Table 1

Total counts of mosquitoes collected by species per trap type regardless of number of traps

Mosquito type

Outdoors

Indoors

 

RBu

SRB

BP

SRB

An. arabiensis

514

17

83

5

An. funestus s.l.

152

3

69

0

Culicinae

443

490

734

70

Total

1109

510

886

75

Outdoors, the RBu collected significantly more malaria vector species per trap per night than the SRB (Table 2, >20–35 more An. arabiensis and An. funestus s.l., respectively) while the SRB caught approximately 1.25 times more Culicinae than the RBu (Table 1). Controlling for random variation between villages, the RBu was estimated to be significantly more efficient at sampling An. arabiensis (χ 2  = 15.01, p < 0.001) and An. funestus s.l. (χ 2  = 13.3, p = 0.002) than the SRB, which in turn collected significantly more Culicinae than the RBu (χ 2  = 4.99, p = 0.02; Table 2).
Table 2

Predicted mean abundance of mosquito groups per trap per night caught outdoors

Village

Predicted abundance of mosquitoes per trap per night outdoors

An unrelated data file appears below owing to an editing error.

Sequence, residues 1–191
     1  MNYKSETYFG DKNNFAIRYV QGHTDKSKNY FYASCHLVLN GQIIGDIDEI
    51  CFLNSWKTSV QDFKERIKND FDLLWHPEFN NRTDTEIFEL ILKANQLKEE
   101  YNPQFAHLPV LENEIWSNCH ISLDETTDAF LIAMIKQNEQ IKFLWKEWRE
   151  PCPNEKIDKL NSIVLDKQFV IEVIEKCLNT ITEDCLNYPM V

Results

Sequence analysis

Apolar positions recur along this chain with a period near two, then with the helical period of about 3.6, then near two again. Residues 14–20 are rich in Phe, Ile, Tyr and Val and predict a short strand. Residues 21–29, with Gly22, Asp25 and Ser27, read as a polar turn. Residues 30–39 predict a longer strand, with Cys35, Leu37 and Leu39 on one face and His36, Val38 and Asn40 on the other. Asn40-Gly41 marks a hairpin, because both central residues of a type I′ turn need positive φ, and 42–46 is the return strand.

An. arabiensis

An. funestus s.l.

Culicinae

 

SRB

RBu

SRB

RBu

SRB

RBu

Kidugalo

*

0.03 (0.004-0.19)

*

0.39 (0.15-0.98)

0.0004 (40–0.34)

0.0003 (0–0.22)

Lupiro

0.12 (0.03-0.46)

3.71 (1.47-9.32)

0

1.52 (0.49-4.64)

12.11 (4.45-32.9)

7.21 (2.75-18.84)

Minepa

0.39 (0.2-0.75)

6.42 (4.42-9.31)

0.35 (0.16-0.74)

0.68 (0.2-2.29)

1.79 (0.56-5.68)

0.82 (0.27-2.45)

Sagagmaganga

*

0.16 (0.04-0.66)

*

0.004 (0–158.48)

0.000003 (0–0.05)

0.00007 (0–1)

Total

0.03 (0.002-0.32)

0.65 (0.06-6.69)

0.007 (0.002-0.02)

0.25 (0.11-0.54)

0.34 (0.03-3.05)

0.27 (0.03-2.42)

Numbers in brackets represent 95 % confidence interval. Asterisks indicate where no mosquitoes were caught

Indoors, the SRB was much less efficient in sampling An. arabiensis than the Back Pack Aspiration (BP), and failed to capture a single An. funestus s.l. (Table 1). Regardless of trap type, malaria vectors constituted a minority of indoor-resting mosquitoes (17 % or less, Table 1). The proportion of vectors estimated caught in BP collections was ~6 times higher than in SRB.

The BP caught approximately 20 times more An. arabiensis per collection than the SRB, 1.7 times more An. funestus s.l. and 24 times more Culicinae (Table 3), with significant differences for An. arabiensis (χ 2  = 5.01, p = 0.02), An. funestus s.l. (χ 2  = 6.73, p = 0.009) and Culicinae (χ 2  = 6.37, p = 0.01).
Table 3